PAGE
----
Pictured: The fossil of a 15-million-year-old whale vertebra is badly broken at the bottom due to an encounter with a megalodon. Credit: Calvert Marine Museum
A new research study co-authored by evolutionary biologist Brian Beatty, Ph.D., associate professor of anatomy at the College of Osteopathic Medicine, details a pair of 15-million-year-old fossils that could provide new insight into the predatory behavior of the giant prehistoric shark megalodon.
Discovered at Calvert Cliffs State Park (Md.) by a volunteer at the Calvert Marine Museum, the fossilized vertebrae (backbones) came from an ancient whale that sustained a bone-crushing injury. Beatty and museum researchers believe this injury was caused by a megalodon attack.
The detailed study of the two prehistoric fossils was published in the journal Paleontologica Electronica and suggests that the whale was likely about 13 feet long and sustained a major shear-compression fracture. No shear-compression fracture like this has ever been discovered in any living modern-day whale, even in injuries resulting from blunt force trauma caused by boat strikes.
Illustration of the attack that likely crushed the whale’s vertebra. Credit: Clarence Schumaker, Courtesy of the Calvert Marine Museum
Megalodons, which are the ancestors of modern-day sharks, could feed on prey the size of an orca whale in as few as five bites. The largest megalodons are believed to have been as long as 58 and 72 feet and had teeth almost three times the size of today’s great white sharks.
To better understand the injury impact, the research team partnered with a local Maryland hospital to perform CT scans of the fossil. The images showed that the lower front end of one of the bones was broken off and slid into the bottom of the other, held in place by new bone growth. Remarkably, the whale also appears to have survived for another two months following the attack.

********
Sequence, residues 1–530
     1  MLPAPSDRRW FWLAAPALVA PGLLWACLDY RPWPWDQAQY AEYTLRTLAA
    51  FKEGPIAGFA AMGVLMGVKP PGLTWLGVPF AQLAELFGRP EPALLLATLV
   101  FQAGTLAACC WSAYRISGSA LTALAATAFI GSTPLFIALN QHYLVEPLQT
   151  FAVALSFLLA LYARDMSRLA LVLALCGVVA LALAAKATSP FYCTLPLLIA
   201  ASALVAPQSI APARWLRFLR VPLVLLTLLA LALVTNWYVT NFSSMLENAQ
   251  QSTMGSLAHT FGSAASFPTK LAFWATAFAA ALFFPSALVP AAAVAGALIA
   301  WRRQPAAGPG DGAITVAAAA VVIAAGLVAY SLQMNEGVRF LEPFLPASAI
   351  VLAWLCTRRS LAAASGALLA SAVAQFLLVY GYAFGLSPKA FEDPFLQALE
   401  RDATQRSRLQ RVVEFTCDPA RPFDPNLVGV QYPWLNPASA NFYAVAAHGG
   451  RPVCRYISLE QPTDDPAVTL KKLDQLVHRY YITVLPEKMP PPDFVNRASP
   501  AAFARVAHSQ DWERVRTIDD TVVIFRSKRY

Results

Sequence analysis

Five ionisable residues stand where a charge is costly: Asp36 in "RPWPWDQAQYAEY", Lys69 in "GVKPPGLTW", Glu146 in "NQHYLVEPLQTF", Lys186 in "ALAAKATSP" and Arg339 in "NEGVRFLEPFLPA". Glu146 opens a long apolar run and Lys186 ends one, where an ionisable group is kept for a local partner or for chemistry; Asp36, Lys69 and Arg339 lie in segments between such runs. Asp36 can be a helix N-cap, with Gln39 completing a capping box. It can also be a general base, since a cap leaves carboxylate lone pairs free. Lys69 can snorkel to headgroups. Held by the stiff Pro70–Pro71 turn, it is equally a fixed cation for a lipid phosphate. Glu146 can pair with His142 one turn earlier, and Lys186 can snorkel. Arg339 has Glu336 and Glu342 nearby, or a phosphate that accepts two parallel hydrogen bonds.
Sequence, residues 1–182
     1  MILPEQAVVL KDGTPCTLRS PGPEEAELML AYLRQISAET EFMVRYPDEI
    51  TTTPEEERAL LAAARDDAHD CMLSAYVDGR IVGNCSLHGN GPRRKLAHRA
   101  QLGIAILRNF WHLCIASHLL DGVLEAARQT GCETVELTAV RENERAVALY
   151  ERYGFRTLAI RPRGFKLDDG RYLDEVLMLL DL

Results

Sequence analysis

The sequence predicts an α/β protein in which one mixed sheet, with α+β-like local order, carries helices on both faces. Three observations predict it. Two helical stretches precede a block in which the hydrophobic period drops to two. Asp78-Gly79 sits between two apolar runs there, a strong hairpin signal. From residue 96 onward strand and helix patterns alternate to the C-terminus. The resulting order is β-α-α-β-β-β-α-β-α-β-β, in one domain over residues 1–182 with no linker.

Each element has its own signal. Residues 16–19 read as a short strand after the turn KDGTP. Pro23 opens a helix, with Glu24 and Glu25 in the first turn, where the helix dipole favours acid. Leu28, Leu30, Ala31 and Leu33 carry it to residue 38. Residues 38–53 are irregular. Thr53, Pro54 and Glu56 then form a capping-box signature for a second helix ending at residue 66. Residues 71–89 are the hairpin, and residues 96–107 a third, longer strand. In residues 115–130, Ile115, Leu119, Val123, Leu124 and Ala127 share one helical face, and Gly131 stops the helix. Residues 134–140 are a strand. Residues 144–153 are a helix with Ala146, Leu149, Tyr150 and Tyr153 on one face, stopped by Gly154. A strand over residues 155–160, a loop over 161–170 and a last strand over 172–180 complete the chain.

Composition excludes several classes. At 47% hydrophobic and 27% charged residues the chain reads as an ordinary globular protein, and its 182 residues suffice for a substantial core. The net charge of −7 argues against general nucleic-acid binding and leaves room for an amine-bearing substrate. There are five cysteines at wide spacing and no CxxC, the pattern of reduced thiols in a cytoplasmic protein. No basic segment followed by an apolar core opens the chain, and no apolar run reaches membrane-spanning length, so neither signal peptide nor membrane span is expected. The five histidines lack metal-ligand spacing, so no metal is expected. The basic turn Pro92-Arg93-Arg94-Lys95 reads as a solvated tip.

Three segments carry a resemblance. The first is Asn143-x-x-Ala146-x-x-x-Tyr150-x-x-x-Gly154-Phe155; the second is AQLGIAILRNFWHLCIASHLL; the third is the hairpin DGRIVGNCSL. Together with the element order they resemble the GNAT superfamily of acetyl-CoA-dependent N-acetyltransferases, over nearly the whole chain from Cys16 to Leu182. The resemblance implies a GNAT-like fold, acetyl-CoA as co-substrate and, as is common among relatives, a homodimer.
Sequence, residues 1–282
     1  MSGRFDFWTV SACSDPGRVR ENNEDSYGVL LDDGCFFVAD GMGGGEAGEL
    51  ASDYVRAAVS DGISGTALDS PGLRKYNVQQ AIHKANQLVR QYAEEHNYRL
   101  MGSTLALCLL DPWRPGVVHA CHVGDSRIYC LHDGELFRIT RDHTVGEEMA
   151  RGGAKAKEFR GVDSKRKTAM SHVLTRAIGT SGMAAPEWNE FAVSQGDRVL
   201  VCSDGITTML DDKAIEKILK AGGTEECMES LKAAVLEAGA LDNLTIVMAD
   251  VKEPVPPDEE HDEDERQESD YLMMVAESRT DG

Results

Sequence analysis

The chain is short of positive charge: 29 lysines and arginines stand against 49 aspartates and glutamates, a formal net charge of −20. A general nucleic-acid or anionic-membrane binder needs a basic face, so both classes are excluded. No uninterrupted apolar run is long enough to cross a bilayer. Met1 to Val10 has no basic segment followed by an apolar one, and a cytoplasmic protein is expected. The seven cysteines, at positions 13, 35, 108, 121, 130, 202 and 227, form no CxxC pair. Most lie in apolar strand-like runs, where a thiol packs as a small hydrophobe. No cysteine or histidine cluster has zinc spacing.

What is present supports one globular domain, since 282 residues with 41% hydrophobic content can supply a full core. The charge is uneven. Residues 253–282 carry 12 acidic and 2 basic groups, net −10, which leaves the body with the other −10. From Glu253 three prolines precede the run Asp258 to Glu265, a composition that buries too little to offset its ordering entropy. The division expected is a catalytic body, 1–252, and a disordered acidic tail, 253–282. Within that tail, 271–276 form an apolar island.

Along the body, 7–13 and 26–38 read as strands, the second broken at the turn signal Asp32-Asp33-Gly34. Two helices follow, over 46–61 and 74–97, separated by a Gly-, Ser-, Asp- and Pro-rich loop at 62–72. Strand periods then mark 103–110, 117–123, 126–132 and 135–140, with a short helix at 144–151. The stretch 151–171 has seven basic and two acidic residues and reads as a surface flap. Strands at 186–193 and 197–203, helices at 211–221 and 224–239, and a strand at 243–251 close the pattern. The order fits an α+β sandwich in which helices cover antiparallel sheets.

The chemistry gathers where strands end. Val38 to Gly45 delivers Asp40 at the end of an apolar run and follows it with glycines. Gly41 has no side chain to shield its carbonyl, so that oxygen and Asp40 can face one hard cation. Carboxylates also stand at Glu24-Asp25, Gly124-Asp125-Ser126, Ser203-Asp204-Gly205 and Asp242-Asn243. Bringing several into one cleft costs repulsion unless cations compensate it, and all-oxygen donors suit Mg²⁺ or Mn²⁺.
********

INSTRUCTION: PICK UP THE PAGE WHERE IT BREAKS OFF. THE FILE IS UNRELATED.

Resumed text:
While alternative theories may explain how the whale sustained such an injury (perhaps it experienced a very severe seizure due to harmful algal blooms, like those happening in the seas in the present day), the researchers explain that the most likely cause was a “crushing ambush” from Otodus megalodon. This “mega-toothed” shark is known to have successfully preyed on whales and dolphins in the same region.
The tooth of a megalodon that was discovered with the whale vertebra fossil. Credit: the Calvert Marine Museum
Further supporting this theory, a stray megalodon tooth was found with the vertebrae, suggesting that the shark may have lost it during the attack. However, the researchers also note that it would have been possible for the megalodon to have lost its tooth while scavenging the whale after it had already died.
“Though we cannot know what caused this healed fracture with certainty, vertebral fractures like this are only known from sudden traumas and seizures, and whether it was a harmful algal bloom or a shark attack, we are lucky it survived and healed some. It is rare specimens like this that give us a glimpse of these fossils as individual lives that we can know,” says Beatty, who has extensively researched marine mammal evolution.